A new champion was crowned, and a returning one reigned once again. Craig Alexander from Australia covered just enough moves on the bike to be in a position to launch a successful steady attack on the marathon for a final victory time of 8:17:45. It was a risk, no doubt. He let 8:20 open up between himself and the bike leader Torbjorn Sindballe on a day when the winds came back to Kona. That’s a chunk few can make up. But Alexander saw from his second place performance from last year that there was really only going to be one threat to him on the run if all went his way.
And that should have come from returning champ Chris McCormack. But unfortunately, his race literally derailed when his gears kept slipping into the small chain ring up front, and that is not a gear that will do you much good against a freight train of the sport’s elite. His race ended shortly after the return at the far end of the course. It played out to be another year that proved just how tough it is to return as the defending champion and do just that…defend.
That task was less of a challenge for the 2007 champion, Chrissie Wellington, who lived up to all of her competitors’ predictions that she was in a class of her own. She did give them a chance, however, with a flat tire on the bike that she could not get inflated. She relinquished the lead she had at the time and pondered her next move when her lone CO2 cartridge spewed all its contents outside the tire rather than into its interior. Fortunately, one of those who passed her gave her a second chance by tossing her another pressurized bottle of the day-saving gas.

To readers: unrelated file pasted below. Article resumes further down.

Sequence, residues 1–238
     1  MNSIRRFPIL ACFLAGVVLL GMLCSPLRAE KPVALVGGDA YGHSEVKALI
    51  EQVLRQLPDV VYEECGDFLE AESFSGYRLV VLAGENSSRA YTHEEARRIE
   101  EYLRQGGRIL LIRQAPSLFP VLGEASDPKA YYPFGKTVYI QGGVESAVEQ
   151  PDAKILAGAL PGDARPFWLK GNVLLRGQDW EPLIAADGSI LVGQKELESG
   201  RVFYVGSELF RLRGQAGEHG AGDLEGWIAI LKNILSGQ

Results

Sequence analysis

It wasn’t long before she was back on track and in the lead. Her final time at the tape was 9:06:23, and it could be argued that without her downtime with the flat that she just might have crushed the record books with an Ironman course record. Ah, so much has to go right for you out there to pull off such feats. Needless to say, unless the world ends there is probably a good chance she will be back and going for it again next year, even though she said today was THE toughest thing she has ever done in her life. You would never have known she was suffering by the smiles on her face and the waves to the crowd. But perhaps that’s all part of her secret formula. Pretend like you are having a great time and then you just might post one at the finish.
This just reminded me of a great T-shirt I saw earlier this week that said, “You don’t have to be having fun to have fun.” That about sums up what it’s like to race here at the Ironman.
The wind will likely be what most remember as the toughest challenge of the day. Even the elite were weaving all over the road trying to stay upright when the side winds hammered them. It broke up packs and cracked spirits sending athletes packing back to the drawing board for the answers to solve the Ironman race puzzle. A quick look at the finishers list will show some impressive names that sunk fairly far down because of the toll the conditions took on them.
Everyone knows the reputation for how tough the winds can be here, but the past few years have been relatively timid. For those who have only raced here a couple of times, or those with short memories, the wind in the previous few races may have been falsely interpreted as “the winds”. However, today recalibrated the scale and brought back conditions that earn legacy status.
I hope you had a chance to follow the race through some of the live webcasting sites, and we all look forward to what NBC and other networks around the world will do with the images the top sports cameramen captured today. Some of our team members have finished and others are still out there completing their Ironman day that has now gone into night. We will give you a full update on how they did in the next eNewsletter that goes out next week. If you have not signed up for it, just enter the Sweepstakes that is on our homepage and your name will automatically be added to the list.
We hope you have enjoyed our Ironblogs. Luis and I have had a great time here, and as always look forward to hearing all the race stories that speak proudly and loudly of individual victory at the Ironman Triathlon World Championships, 2008.
Aloha, and hope to see you here next year!